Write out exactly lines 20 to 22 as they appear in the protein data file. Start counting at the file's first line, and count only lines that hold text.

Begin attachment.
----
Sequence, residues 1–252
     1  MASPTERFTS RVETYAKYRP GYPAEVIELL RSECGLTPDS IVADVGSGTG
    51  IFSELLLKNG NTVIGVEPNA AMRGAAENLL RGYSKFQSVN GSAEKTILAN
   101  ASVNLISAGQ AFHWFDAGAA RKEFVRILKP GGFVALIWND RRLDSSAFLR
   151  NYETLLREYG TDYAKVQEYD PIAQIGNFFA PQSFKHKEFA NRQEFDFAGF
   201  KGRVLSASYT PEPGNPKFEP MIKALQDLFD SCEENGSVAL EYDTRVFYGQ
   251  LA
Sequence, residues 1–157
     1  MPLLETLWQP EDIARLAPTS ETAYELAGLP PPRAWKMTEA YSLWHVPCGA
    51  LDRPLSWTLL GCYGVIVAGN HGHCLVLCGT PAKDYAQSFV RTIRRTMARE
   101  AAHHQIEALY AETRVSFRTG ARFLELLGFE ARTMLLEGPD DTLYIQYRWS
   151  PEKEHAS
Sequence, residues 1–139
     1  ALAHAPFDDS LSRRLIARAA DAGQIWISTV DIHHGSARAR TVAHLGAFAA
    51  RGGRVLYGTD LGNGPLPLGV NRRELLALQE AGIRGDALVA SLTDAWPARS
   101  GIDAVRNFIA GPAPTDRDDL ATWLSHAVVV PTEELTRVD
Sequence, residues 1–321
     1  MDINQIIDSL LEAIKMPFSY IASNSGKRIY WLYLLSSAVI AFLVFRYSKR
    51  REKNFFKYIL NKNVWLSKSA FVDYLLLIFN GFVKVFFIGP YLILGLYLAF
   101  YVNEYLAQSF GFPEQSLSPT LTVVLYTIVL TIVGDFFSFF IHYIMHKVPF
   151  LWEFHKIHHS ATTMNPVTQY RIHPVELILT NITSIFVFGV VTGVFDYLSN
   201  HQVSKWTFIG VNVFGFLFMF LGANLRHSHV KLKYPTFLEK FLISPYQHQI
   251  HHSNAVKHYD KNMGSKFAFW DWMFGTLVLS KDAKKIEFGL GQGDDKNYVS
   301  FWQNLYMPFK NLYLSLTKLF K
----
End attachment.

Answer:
   101  YVNEYLAQSF GFPEQSLSPT LTVVLYTIVL TIVGDFFSFF IHYIMHKVPF
   151  LWEFHKIHHS ATTMNPVTQY RIHPVELILT NITSIFVFGV VTGVFDYLSN
   201  HQVSKWTFIG VNVFGFLFMF LGANLRHSHV KLKYPTFLEK FLISPYQHQI